• Or, plant transplants outdoors once the threat of frost has passed.


Sage is a hardy perennial with fuzzy, gray-green leaves that have as good texture in a perennial border as they do in a vegetable garden. It grows spikes of spring flowers in different colors, including purple, blue, white, and pink. Sage is used to flavor meat …and especially Thanksgiving stuffing!  Plant sage in full sun and in a well-draining soil as it won’t tolerate sitting in wet soil.

  • The easiest and best way to start sage is from a small plant from your local garden store. Set the plants 2 feet apart.
  • You can also sow seeds in the garden one to two weeks before the last spring frost.
  • For best growth, the soil should be between 60º and 70ºF.
  • Plants should grow to be between 12 and 30 inches in height.


Rosemary is a perennial evergreen shrub with blue flowers. It’s a very aromatic herb with a sweet, resinous flavor. This herb can only be grown outdoors as a perennial shrub in zones 7 and warmer. In colder areas, it should be kept in a pot and brought indoors for the winter. When cooking, rosemary is often used for seasoning poultry, lamb, stews, and soups. It’s beautiful scent is also used in candles, hand wash and lotions. Plant in full sun for the best results. As a plant native to the Mediterranean area, rosemary thrives with well-draining soil, and a bit of humidity.

  • Sow seeds or plant cuttings in well-drained soil. Keep it moist while seeds germinate and roots develop. Seeds can take a long time to germinate (2 to 3 weeks), so don’t give up right away!
  • For the best growth, the soil temperature should be around 70ºF.


Thyme: This pungent herb in the mint family is known for its aroma and flavor of its dried leaves and flowering tops. It’s a low-growing hardy perennial that is grown for its ornamental or culinary use. It’s hard to grow Thyme from seed because of its slow germination. You’re better off buying the plants from a garden center or taking cuttings from a friend.

Thyme comes in over 50 varieties with different fragrances and flavors. Fresh or English thyme are used most often in cooking. Originally from the Mediterranean area, this herb is drought-friendly so it doesn’t have high watering needs. It is also pollinator-friendly! As they flower, bees drop by to pollinate this plant and others in the neighborhood.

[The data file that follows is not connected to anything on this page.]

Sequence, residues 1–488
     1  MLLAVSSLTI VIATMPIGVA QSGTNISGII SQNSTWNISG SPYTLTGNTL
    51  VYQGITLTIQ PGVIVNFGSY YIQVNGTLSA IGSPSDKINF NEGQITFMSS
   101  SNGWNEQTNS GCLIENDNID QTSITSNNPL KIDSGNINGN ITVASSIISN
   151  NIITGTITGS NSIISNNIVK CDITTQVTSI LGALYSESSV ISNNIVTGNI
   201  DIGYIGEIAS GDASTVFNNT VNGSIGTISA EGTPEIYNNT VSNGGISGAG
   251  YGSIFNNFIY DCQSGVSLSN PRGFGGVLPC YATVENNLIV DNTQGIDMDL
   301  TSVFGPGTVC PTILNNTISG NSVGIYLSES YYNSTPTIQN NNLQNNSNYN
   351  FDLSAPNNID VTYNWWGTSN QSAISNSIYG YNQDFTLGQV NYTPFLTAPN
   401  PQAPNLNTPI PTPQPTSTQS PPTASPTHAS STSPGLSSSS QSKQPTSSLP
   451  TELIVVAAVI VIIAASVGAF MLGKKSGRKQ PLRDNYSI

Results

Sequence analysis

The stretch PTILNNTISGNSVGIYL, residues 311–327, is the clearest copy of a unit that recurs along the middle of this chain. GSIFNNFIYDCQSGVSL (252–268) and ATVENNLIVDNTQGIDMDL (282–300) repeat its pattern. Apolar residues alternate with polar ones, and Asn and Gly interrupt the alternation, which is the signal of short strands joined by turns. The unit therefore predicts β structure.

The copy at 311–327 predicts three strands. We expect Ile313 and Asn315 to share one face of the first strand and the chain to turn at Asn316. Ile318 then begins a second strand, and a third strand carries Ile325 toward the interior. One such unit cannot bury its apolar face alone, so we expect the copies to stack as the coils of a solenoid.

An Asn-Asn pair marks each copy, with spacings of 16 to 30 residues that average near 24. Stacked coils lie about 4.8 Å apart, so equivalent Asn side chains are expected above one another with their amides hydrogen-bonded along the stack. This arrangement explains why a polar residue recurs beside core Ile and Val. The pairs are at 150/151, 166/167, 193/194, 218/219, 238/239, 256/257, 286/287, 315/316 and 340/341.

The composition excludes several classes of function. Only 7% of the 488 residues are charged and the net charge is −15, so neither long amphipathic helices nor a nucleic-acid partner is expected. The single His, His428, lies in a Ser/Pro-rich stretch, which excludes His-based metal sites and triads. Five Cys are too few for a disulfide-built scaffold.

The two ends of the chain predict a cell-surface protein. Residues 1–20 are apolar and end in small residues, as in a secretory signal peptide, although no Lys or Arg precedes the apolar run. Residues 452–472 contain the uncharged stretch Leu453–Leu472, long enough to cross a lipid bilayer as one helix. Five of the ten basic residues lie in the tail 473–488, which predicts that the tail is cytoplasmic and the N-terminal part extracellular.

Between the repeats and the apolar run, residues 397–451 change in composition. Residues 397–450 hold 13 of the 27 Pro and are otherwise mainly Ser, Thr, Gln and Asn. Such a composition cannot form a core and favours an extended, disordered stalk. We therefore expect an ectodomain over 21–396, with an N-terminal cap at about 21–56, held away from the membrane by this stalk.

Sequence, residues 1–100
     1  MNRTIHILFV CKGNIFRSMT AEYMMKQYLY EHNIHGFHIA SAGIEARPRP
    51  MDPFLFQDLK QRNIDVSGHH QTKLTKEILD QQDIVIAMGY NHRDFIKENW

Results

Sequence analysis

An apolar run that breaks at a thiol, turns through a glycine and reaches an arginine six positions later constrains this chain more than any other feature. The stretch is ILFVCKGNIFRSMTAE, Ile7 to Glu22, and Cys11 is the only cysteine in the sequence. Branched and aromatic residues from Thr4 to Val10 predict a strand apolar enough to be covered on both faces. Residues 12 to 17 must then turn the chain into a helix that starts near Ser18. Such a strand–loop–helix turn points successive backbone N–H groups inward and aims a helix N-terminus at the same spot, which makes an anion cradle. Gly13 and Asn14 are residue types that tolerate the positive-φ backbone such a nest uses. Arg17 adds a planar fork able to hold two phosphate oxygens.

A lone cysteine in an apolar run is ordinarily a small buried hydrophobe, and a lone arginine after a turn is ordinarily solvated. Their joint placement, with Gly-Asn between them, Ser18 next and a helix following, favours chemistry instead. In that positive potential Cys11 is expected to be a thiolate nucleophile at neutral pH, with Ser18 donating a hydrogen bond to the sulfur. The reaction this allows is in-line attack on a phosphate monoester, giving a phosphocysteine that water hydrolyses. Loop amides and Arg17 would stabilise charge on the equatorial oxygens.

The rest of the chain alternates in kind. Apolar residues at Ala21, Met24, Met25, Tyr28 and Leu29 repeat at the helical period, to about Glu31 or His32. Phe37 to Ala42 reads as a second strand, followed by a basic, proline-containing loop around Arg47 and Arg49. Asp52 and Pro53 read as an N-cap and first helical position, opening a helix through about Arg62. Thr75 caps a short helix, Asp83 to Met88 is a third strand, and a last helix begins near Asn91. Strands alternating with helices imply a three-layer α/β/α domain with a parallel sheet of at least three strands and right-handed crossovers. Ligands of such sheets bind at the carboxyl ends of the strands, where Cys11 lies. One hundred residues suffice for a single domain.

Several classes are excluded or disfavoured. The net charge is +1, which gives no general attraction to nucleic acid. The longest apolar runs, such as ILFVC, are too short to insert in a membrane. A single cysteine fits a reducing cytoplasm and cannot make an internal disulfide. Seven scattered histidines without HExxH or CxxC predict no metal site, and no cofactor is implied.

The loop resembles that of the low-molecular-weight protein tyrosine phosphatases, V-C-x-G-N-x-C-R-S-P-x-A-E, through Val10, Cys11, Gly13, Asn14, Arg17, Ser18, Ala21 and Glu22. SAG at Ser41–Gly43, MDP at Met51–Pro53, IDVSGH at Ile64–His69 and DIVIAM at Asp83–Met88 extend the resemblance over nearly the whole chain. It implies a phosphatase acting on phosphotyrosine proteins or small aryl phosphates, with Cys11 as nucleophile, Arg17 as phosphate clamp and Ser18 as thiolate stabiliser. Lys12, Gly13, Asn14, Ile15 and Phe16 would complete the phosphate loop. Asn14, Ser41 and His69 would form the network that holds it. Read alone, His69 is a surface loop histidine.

• Thyme thrives in full sun and loves heat. If you are growing it in a pot indoors, plant near a sunny window.
  • Soil needs to drain well so there aren’t “wet feet.” In the garden, plant with other drought-tolerant perennials.
  • In early spring, you may fertilize with organic matter, like compost, but not much soil amendment is necessary.
  • It’s difficult to grow thyme from seed, so it’s best o buy new plants or propagate from your own cuttings.
  • For a head start, plant the cuttings indoors 6 to 10 weeks before the last spring frost


Mint: Mint is a perennial herb with very fragrant, toothed leaves and tiny purple, pink, or white flowers. Among the many varieties of mint such as spearmint, peppermint, chocolate & orange, all mints have fragrant leaves… whether shiny or fuzzy, smooth or crinkled, bright green or variegated. And, you can always tell a member of the mint family by its square stem. Rolling it between your fingers, you’ll notice a pungent scent that reminds us of candy, teas, or mint juleps. Thriving in sun and shade all over North America, it’s a vigorous spreader so you have to be careful where you plant it. A container with premium potting soil works best for both indoors and outdoors.

  • Sew seeds indoors 8-10 weeks before the last frost in your area. (May 15)
  • Sow seeds 1/4 inch deep and cover seeds lightly with soil.
  • Keep the soil moist with an ideal temperature of 70 degrees.
  • Mint seeds germinate in 7-14 days.
  • Transplant into pots indoors or outdoors after all danger of frost has passed.


Oregano belongs to the mint family and is a woody perennial plant. It’s a strong-tasting herb with a peppery bite and a minty aroma. Oregano adds savory flavor to pizza, tomato sauce, and really anything with tomatoes or cooked summer vegetables such as zucchini and eggplant. Oregano loves the sun, so ensure that its growing area has enough sun to produce a strong flavor. 

  • Plant anytime in the spring, once you’re well past chance of frost. Some gardeners plant later in the season for assured warm weather. The soil should be around 70ºF.
  • For a head start, plant the seeds/cuttings 6 to 10 weeks before the last spring frost.
  • Oregano can easily be started from seeds, though you can also use cuttings from an established plant.
  • Before planting, mix in several inches of organic matter such as compost. If you’re growing in containers, use a premium potting mix. 
  • Plant 8 to 10 inches apart. The plants will grow 1 to 2 feet tall and spread about 18 inches.

TIP when introducing indoor plants or seedlings outside: If you have germinated seedlings indoors to transplant outdoors, make sure you harden them off first with increasingly longer time outdoors over a period of about 10 days.


Look for more seed planting supplies such as grow lights, peat pots, peat pellets and Botanical Interests Recycled Paper Pots in our Seed Section.